Barbara Crane: Artifacts and Entities
at Lallak + Tom Gallery, through December 31
By Stephen Longmire
In the 60s and 70s, Barbara Crane created wonderfully complex photographs using the “whole roll,” printing sequences of similar images on long scrolls of paper or in grids. Although the individual panels are of interest, the dark spaces between them are what came to life, the passages of time not photographed. Time is the medium that animates still photography, yet like a ghost it merely haunts the film; one must hunt between the shutter’s openings to watch it passing. In effect Crane’s “Whole Roll” series translates part of the experience of cinema onto paper–only a part, since she takes no real interest in narrative. It’s as if by stilling sequences of pictures she might discover just when they begin to move. The spaces in between frames that are but flickers in the cinema become black spaces on the page and spread out Crane’s catalog of commonplace objects–a bus, pigeons, a hillside with clouds. Several vintage examples of this series on display at Lallak + Tom Gallery–a year-old space that shows emerging photographers alongside established artists like Crane (who recently retired from teaching at the School of the Art Institute)–make clear these are not just pictures, they’re experiences in time.
During the same years Ray Metz-ker, another photographer trained at Chicago’s modernist Institute of Design, also made striking images by contact-printing strips of negatives. His great insight was that the proof sheet can be a picture in itself, and he set about making pictures it takes a whole roll to see. But Crane’s and Metzker’s experiments were never truly alike. Metzker’s goal was collage, the enlargement of his overall frame to include multiple frames: his best “Composites” are like vast windows with myriad openings. Crane’s interest has always been in repetition; a “Whole Roll” must be scrutinized frame by frame. Compared to Metz-ker’s “Composites,” Crane’s serial photographs look like cuttings of movie film. Each frame is nearly identical to the others in the sequence but comes from a slightly different vantage in time. The overall effect may be less striking, but the nuances are rich indeed.
Repetition and scrutiny remain the subjects of Crane’s new imagery, the centerpiece of her current show. Her recent photographs depict the landscape around her Michigan lakeshore home–or, more precisely, specimens of that landscape brought indoors. The most compelling set are the “Sticks,” minimalist portraits of artifacts of a place where the forest meets the shore. Time and water have revealed the quality of bone in these weathered, misshapen sticks. Photographed individually, each is treated the same, evenly lit under studio lights against a black background. In a series of Zen mug shots, each subject is utterly distinct in its crooked death.
Several rows of framed “Sticks” on the gallery wall mimic on a grand scale the layout of Crane’s early grid pictures. If those pieces seek out the space in between photographs of similar objects, these larger portraits drop viewers directly into the dead space between seemingly identical sheets of film, into the space of time’s passage–which photographs always suggest but, in their stillness, cannot capture. The project of stilling time, though inherently limited, reveals how distinctive each moment and object is. It is a project in league with mortality. Individuality is the consequence of mortality, just as time is the flip side of death.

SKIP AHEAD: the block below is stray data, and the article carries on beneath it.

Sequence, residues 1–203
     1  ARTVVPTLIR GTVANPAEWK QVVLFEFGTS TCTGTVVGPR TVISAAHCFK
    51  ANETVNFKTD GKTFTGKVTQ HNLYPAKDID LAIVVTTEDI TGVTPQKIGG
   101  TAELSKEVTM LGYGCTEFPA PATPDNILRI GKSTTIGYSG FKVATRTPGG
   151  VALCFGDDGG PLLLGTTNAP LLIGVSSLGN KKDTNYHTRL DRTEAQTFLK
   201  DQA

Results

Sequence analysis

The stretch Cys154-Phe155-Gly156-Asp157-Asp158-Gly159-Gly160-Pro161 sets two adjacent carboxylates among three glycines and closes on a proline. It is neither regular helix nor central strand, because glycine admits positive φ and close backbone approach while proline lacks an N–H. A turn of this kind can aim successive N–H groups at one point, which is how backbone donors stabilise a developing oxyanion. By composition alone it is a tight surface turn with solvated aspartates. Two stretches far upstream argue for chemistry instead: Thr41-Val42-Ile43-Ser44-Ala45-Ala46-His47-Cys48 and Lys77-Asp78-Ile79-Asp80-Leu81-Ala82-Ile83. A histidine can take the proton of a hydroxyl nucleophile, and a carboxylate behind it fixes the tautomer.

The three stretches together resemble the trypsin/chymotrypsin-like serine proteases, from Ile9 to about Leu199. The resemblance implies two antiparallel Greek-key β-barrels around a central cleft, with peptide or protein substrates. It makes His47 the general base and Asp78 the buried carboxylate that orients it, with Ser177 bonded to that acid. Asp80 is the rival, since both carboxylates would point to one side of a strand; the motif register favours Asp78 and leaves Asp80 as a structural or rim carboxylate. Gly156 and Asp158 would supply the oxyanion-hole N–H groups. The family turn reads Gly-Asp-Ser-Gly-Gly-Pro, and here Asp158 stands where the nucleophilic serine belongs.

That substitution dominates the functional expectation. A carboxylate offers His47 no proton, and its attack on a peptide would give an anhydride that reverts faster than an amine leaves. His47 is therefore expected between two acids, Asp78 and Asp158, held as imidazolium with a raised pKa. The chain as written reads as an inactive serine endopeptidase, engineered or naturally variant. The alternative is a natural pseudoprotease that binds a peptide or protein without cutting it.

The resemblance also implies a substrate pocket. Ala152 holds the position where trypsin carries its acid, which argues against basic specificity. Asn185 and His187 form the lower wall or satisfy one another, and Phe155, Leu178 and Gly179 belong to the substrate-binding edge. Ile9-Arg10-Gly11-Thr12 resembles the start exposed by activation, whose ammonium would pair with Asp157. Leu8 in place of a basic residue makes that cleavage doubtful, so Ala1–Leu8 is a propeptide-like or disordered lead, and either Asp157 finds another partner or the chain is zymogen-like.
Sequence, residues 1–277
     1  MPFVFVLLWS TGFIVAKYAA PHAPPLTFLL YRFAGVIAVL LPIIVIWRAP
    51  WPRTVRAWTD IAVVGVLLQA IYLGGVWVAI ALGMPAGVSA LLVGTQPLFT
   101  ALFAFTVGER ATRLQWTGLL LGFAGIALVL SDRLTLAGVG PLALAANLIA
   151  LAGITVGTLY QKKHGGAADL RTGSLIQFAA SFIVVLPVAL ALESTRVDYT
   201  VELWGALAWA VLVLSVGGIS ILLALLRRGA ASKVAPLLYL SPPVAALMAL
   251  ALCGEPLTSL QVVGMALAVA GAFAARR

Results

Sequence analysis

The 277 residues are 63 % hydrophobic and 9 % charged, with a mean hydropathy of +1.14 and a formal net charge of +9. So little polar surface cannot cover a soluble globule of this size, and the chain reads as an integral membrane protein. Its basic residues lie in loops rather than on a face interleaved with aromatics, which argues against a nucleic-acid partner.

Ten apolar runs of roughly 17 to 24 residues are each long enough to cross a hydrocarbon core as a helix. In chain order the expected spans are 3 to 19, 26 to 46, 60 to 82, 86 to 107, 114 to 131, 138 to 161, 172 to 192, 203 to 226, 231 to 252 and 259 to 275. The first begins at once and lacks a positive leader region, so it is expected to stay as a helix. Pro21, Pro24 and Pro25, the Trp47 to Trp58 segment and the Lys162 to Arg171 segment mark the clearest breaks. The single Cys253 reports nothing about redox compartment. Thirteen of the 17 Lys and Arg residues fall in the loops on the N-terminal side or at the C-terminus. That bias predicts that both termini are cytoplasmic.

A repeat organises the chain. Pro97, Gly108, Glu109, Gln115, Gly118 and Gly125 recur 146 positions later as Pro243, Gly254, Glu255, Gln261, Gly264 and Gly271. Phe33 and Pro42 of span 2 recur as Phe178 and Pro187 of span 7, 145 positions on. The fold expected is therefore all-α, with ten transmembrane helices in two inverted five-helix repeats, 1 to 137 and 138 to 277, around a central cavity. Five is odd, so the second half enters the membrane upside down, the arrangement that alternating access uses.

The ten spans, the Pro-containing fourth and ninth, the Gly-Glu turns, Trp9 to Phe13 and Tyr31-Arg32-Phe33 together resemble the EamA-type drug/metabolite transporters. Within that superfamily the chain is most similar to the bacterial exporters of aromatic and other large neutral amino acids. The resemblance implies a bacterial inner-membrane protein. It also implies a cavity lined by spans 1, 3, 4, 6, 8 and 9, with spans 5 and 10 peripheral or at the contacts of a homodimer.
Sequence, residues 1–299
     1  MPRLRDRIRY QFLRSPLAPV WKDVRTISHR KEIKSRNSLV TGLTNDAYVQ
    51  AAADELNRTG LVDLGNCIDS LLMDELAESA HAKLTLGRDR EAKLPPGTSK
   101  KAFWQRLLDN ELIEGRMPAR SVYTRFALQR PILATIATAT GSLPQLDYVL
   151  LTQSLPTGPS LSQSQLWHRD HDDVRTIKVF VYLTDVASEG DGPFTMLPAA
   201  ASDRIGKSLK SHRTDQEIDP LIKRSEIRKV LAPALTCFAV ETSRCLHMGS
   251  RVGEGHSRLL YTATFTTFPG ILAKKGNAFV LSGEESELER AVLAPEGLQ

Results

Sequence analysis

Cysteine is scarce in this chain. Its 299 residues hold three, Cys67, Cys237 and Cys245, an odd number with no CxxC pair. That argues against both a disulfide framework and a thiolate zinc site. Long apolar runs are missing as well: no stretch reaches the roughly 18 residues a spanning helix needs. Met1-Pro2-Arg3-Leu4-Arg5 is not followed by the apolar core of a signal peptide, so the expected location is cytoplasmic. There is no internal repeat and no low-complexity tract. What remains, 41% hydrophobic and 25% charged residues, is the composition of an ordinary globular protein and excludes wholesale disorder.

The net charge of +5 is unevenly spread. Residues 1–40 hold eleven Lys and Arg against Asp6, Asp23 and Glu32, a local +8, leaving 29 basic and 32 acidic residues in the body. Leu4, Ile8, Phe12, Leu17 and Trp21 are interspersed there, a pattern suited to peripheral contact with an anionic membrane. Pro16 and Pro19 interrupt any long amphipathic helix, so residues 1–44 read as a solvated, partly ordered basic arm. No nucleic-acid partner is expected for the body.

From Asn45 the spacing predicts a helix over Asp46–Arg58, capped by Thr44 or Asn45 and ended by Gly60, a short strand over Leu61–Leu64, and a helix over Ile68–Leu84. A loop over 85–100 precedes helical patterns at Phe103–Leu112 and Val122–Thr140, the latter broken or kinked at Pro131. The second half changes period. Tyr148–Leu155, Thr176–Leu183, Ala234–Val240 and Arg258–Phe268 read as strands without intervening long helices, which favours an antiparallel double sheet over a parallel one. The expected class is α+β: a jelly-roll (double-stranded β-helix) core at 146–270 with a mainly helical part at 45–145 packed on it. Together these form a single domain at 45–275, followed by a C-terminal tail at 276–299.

Across from the “Sticks” is a tightly packed grid of individually framed photograms of similar (if not the same) objects. Since a photogram (a cameraless photograph made by placing an object directly on light-sensitive paper) is a negative, the shadows are pure white, blazes of light as if desiccated objects had burst into flame. No glass covers these images, leaving viewers face to face with the “facts,” whatever they might be.
Much of Crane’s recent work is almost forensic in its scrutiny of the facts of the physical world. She pursues the decaying details of her immediate surroundings with a vengeance. Often her subjects are dead animals, like the snarling possum that has pride of place in this exhibition–its open mouth suggests a most unfortunate end–or the mice that run, alive and dead, through her work. Of the “Sticks” Crane remarks, “I wanted to make them as straight as I could,” referring to the so-called straight, or unmanipulated, modernist photography, whose goal is the supposedly unmediated presentation of fact. That transcendent goal remains Crane’s own, though, as her early grid and series work betrays, it’s one she must pursue ironically. She’s all too aware of the ingrained habits of photographic “seeing,” the ways in which we let the camera’s “eye” stand in for our own. In a Cartesian, empirical world we have no direct access to knowledge; all perceptions are mediated or muffled. Photographic facts are not quite “real” ones, but often they’re as close as we can get to clutching the heart of the material world. Crane dramatizes this dilemma desperately well with her new images, in which she stares death in the face.
Art accompanying story in printed newspaper (not available in this archive): from “Sticks” by Babara Crane.